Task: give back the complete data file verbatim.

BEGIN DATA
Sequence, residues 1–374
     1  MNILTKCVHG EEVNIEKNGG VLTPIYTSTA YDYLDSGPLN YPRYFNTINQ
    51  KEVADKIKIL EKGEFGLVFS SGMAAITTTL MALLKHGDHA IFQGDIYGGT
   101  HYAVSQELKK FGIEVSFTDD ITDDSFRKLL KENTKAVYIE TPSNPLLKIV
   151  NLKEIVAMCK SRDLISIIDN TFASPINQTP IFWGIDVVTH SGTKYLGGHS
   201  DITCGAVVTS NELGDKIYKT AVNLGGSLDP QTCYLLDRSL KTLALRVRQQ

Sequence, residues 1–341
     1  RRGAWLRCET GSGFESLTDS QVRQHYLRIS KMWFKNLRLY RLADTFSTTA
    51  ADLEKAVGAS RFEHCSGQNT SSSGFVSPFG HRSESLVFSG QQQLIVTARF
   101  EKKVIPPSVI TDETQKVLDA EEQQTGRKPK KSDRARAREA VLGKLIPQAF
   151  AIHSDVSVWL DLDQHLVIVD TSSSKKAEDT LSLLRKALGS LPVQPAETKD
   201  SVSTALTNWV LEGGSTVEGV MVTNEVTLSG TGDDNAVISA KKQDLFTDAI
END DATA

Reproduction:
Sequence, residues 1–374
     1  MNILTKCVHG EEVNIEKNGG VLTPIYTSTA YDYLDSGPLN YPRYFNTINQ
    51  KEVADKIKIL EKGEFGLVFS SGMAAITTTL MALLKHGDHA IFQGDIYGGT
   101  HYAVSQELKK FGIEVSFTDD ITDDSFRKLL KENTKAVYIE TPSNPLLKIV
   151  NLKEIVAMCK SRDLISIIDN TFASPINQTP IFWGIDVVTH SGTKYLGGHS
   201  DITCGAVVTS NELGDKIYKT AVNLGGSLDP QTCYLLDRSL KTLALRVRQQ

Sequence, residues 1–341
     1  RRGAWLRCET GSGFESLTDS QVRQHYLRIS KMWFKNLRLY RLADTFSTTA
    51  ADLEKAVGAS RFEHCSGQNT SSSGFVSPFG HRSESLVFSG QQQLIVTARF
   101  EKKVIPPSVI TDETQKVLDA EEQQTGRKPK KSDRARAREA VLGKLIPQAF
   151  AIHSDVSVWL DLDQHLVIVD TSSSKKAEDT LSLLRKALGS LPVQPAETKD
   201  SVSTALTNWV LEGGSTVEGV MVTNEVTLSG TGDDNAVISA KKQDLFTDAI